Despite the shock of the cold splash, I found it comforting betimes . . . especially if I had been to the local flea pit, seen the latest Dracula film and knew that one thing that definitely kept vampires away was Holy Water.
All that feeling of being in some way spiritually connected became more mundane with the gorge of eggs on Easter Sunday morning. They were an extraordinary luxury at a time when very few families had any money to spend . . . that was in the days when, if you wanted something, you saved for it and then the family got it. All families budgeted every week to get by.
For more, read this week’s Galway City Tribune.
Galway ‘Park and Ride’ could become permanent
Date Published: 07-May-2013
A park ‘n’ ride scheme from Carnmore into Galway city could become a permanent service if there is public demand.
That’s according to the Chief Executive of Galway Chamber of Commerce, Michael Coyle.
The pilot scheme will begin at 7.20 next Monday morning, May 13th.
Motorists will be able to park cars at the airport carpark in Carnmore and avail of a bus transfer to Forster Street in the city.
Buses will depart every 20 minutes at peak times and every 30 minutes at offpeak times throughout the day, at a cost of 2 euro per journey.
Tuam awaits UK hay import as overnight rainfall adds to fodder crisis
Date Published: 09-May-2013
Tuam is now awaiting a third import of hay from the UK as overnight rainfall has increased pressure on farmers struggling to source fodder.
A total of ten loads are expected at Connacht Gold stores throughout the West with a load expected at the Airglooney outlet this evening or tomorrow.
Farmers throughout the county have been struggling to cope with the animal feed shortage and a below than normal grass growth due to unseasonal weather conditions.
Overnight rainfall in the Galway area has also added to the problem making ground conditions in many areas are quite poor.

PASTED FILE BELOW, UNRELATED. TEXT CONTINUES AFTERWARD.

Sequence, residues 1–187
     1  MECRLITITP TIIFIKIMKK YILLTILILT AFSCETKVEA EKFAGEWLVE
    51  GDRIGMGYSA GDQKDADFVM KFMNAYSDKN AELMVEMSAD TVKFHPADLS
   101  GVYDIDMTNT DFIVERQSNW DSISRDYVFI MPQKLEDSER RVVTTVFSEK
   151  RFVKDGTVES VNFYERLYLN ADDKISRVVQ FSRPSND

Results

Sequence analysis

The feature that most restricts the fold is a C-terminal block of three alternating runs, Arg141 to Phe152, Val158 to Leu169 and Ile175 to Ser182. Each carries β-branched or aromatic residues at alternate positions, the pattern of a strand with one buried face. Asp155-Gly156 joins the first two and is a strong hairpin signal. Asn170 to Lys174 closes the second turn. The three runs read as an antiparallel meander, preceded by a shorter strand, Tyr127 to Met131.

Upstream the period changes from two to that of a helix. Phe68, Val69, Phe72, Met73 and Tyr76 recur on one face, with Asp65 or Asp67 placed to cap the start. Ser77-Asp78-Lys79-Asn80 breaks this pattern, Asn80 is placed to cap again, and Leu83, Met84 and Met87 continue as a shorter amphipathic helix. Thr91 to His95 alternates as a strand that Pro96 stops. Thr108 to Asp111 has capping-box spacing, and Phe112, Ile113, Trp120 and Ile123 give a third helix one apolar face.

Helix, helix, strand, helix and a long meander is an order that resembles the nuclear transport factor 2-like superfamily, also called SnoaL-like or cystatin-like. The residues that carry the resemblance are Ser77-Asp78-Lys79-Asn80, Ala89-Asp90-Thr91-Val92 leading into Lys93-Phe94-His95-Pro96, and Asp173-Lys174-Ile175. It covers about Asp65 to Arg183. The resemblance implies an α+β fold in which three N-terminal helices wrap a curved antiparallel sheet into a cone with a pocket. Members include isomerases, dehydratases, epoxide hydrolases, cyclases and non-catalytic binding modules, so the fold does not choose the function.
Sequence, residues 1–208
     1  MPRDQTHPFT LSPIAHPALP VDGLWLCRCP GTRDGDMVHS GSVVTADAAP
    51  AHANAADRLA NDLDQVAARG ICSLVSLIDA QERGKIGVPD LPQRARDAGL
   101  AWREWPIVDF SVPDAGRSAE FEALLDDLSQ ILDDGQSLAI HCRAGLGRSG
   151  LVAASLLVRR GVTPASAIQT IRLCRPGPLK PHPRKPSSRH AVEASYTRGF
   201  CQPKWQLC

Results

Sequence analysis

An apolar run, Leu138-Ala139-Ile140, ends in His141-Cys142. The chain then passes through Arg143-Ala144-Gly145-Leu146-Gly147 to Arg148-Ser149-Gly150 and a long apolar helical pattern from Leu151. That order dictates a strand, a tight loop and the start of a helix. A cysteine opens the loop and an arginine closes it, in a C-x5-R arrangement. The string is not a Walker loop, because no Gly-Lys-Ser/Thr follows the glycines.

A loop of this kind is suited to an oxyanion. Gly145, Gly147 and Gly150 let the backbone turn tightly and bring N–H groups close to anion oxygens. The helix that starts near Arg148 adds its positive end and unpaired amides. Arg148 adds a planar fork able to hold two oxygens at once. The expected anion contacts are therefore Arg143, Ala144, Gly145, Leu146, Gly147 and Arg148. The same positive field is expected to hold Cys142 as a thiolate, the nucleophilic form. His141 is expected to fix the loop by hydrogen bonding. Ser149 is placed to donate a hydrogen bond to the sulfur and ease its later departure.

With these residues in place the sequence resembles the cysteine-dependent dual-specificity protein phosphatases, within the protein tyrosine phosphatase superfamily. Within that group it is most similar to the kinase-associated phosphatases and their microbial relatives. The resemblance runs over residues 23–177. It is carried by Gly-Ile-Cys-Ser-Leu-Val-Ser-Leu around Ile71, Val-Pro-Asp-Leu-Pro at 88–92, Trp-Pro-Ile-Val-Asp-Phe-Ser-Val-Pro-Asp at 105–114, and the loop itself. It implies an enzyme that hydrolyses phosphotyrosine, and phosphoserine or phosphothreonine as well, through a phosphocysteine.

Joe Waldron, Agricultual Advisor with Connacht Gold says farmers in short supply can contact the Airglooney outlet on 093 – 24101.
Transport Minister urges end to Bus Eireann strike action
Date Published: 12-May-2013
The Transport Minister is urging drivers at Bus Éireann to engage in talks with management, in an effort to bring their strike action to an end.
There were no Bus Éireann services operating out of Galway today as a result of nationwide strike action by staff affiliated with the national bus and rail union.
Up to 20 Bus Éireann drivers are continuing to picket outside the bus depot at the docks in the city this evening.
Drivers from other unions have decided not to cross the picket line and go into work today – causing the disruption to be even worse.
Bus drivers are protesting against five million euro worth of cuts to their overtime and premium pay – cuts which Bus Eireann says are vital to ensure the future viability of the company.
The majority of services nationwide are disrupted, and the union say strike action will continue until management are willing to go back into negotiations.
However, it’s not expected to affect school services next week.
Galway bay fm news understands that around 70 percent, or over 100 Galway bus Eireann drivers are affiliated with the NBRU.